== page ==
Virginia Department of Health seeks input to reduce obesity

Beginning in March, the Virginia Department of Health (VDH) will host eight planning meetings to get input from residents on how to prevent and control obesity in the state. VDH is inviting representatives from school, civic, business, government, medical and faith organizations to participate in the Commonwealth’s Healthy Approach and Mobilization Plan for Inactivity, Obesity and Nutrition, or CHAMPION.

CHAMPION is designed to help communities combat obesity in Virginia. At the day-and-a-half sessions, participants will clarify the scope of the obesity problem in their region, identify factors that contribute to the prevention and control of obesity and make program and policy recommendations.

“Obesity is a serious problem for Virginia. It shortens people’s lives, affects the quality of life, and has serious economic consequences,” said State Health Commissioner, Robert B. Stroube, M.D., M.P.H.

A 2002 health department survey revealed that 58.8 percent of Virginia adults are overweight or obese. In 2003, the total estimated costs related to overweight and obesity in Virginia were approximately $1.6 billion, according to a study conducted by the Research Triangle Institute International and the U.S. Centers for Disease Control and Prevention.

CHAMPION is a product of the health department’s obesity briefing, “Virginia’s Expanding Waistline, How it Affects the Bottomline,” which was held in September 2004. It also builds on the accomplishments of Governor Warner’s “Healthy Virginians” initiative. CHAMPION’s goals are to develop a strategic plan that addresses obesity in Virginia and to compile a statewide electronic resource guide, including a directory of community and state programs and access to data relative to obesity in the Commonwealth.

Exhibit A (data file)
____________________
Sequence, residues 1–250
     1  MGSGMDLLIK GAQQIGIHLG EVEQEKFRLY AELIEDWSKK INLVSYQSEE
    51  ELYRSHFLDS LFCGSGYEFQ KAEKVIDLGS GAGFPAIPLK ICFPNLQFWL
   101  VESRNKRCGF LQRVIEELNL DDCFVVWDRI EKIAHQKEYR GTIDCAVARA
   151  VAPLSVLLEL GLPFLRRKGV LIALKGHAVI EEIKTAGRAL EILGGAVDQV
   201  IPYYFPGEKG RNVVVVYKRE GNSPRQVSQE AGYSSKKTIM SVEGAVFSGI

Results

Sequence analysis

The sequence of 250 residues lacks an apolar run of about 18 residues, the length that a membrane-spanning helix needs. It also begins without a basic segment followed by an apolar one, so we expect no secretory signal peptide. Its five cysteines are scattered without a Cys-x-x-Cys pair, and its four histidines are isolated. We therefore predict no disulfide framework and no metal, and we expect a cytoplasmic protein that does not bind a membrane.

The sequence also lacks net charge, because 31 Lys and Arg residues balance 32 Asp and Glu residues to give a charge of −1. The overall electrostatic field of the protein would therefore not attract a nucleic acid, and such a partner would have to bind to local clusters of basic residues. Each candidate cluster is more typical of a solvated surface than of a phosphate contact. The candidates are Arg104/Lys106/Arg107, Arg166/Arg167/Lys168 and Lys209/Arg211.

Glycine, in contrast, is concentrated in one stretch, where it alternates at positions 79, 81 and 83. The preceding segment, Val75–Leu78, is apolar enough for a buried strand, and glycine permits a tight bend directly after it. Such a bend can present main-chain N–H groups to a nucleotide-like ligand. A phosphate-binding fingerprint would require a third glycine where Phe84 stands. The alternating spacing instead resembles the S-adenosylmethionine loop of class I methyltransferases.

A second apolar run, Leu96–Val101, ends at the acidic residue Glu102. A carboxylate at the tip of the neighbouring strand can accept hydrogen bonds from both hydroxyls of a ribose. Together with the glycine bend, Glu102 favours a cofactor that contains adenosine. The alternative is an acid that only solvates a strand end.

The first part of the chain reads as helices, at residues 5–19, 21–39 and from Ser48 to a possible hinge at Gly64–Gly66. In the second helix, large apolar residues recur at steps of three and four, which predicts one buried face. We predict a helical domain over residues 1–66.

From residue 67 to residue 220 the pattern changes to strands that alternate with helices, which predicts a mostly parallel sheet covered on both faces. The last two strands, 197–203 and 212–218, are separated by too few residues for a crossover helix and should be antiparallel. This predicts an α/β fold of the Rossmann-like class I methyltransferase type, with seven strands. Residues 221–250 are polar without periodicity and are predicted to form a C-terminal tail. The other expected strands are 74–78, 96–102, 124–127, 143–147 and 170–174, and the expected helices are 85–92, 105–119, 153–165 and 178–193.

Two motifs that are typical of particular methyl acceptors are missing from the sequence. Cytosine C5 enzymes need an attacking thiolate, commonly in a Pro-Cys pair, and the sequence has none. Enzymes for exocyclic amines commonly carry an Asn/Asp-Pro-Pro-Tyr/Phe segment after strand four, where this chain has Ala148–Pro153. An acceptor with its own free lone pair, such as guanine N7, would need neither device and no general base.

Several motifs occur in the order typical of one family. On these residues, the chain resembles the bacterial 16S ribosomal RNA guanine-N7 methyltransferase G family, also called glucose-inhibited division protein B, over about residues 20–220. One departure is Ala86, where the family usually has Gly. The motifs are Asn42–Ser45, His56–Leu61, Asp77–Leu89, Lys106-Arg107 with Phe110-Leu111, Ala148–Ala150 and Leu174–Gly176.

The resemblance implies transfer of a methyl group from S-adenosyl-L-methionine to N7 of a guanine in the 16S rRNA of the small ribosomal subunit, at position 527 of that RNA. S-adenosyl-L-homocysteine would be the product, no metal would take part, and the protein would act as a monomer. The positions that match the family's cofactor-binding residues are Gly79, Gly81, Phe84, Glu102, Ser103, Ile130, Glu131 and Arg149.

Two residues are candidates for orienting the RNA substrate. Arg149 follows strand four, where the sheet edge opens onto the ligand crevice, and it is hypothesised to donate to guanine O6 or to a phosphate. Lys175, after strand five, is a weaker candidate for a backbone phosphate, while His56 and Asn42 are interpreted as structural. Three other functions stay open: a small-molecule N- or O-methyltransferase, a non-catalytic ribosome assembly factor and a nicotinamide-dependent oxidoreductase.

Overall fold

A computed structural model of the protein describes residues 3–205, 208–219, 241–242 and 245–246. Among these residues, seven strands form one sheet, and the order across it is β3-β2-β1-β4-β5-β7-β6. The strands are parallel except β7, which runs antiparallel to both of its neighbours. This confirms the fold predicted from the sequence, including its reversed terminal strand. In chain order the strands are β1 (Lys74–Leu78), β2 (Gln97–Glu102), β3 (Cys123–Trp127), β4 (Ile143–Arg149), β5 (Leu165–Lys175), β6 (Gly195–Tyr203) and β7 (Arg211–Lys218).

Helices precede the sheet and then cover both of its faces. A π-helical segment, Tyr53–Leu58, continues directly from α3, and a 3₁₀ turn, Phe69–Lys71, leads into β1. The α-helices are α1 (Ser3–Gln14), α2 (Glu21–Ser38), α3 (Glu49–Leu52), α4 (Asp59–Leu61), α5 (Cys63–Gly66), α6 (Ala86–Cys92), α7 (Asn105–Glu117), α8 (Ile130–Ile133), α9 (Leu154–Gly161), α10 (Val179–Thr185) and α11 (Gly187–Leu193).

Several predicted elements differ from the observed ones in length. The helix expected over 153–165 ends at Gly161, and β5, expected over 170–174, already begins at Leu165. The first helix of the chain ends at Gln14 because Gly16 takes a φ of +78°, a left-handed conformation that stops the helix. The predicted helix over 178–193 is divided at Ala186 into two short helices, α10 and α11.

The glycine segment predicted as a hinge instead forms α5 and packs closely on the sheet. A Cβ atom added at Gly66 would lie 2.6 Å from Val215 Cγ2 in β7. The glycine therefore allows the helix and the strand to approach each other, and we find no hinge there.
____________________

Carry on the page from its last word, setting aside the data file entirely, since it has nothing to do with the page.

“We will use CHAMPION to focus state and community efforts to address obesity issues for all Virginians in their respective communities,” said Donna Seward, director of the health department’s Division of WIC and Community Nutrition Services. “We can do this by creating a united effort among diverse stakeholders and by equipping communities with a strategic plan to decrease obesity among their residents.”


The opinions expressed here are the views of the writer and do not necessarily reflect the views and opinions of News Medical.
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